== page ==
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Critics question shrinking expectations for Medicaid extension

SALT LAKE CITY — Advocates for Utah's homeless and mentally ill are questioning the Legislature's partial Medicaid expansion plan after learning it will cover 6,000 fewer people than originally promised.

The proposal — signed by Gov. Gary Herbert in March and supported by Salt Lake City Mayor Jackie Biskupski and Salt Lake County Mayor Ben McAdams — was trumpeted as a compassionate strategy to cover 16,300 of Utah’s neediest, including 12,500 childless adults in extreme poverty and 3,800 low-income parents.

The Utah Department of Health is now estimating that the true number of individuals who can be covered is closer to 10,000.

That includes 6,000 to 7,000 childless adults in extreme poverty, according to spokesman Tom Hudachko — about half of what legislators originally billed.

Hudachko said the third-party actuaries hired by the health department believe the cost of treating such patients will be higher than what was anticipated by legislative fiscal analysts.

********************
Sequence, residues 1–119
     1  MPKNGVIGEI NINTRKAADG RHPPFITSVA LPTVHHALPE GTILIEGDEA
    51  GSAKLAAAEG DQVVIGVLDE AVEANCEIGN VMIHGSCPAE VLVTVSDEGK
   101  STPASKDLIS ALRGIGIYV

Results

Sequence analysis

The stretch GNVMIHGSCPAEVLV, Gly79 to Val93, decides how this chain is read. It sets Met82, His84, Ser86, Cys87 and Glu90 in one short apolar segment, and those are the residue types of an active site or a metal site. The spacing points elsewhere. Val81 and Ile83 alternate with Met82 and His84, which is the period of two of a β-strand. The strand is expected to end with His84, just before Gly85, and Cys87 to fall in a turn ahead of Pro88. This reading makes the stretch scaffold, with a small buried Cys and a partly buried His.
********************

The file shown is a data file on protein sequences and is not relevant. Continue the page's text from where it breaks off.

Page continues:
"We certainly recognize that this plan is not going to cover everybody that's in the coverage gap," he said. "That's been known and expected since this legislation was originally envisioned. But I think what we can hang our hats on is that it's a starting point."

Obamacare Medicaid Expansion Status | HealthGroveRylee Curtis, a senior health policy analyst with the Utah Health Policy Project, called the revised estimates "shocking."

"What was presented to the public is not what it's turning out to be," Curtis said.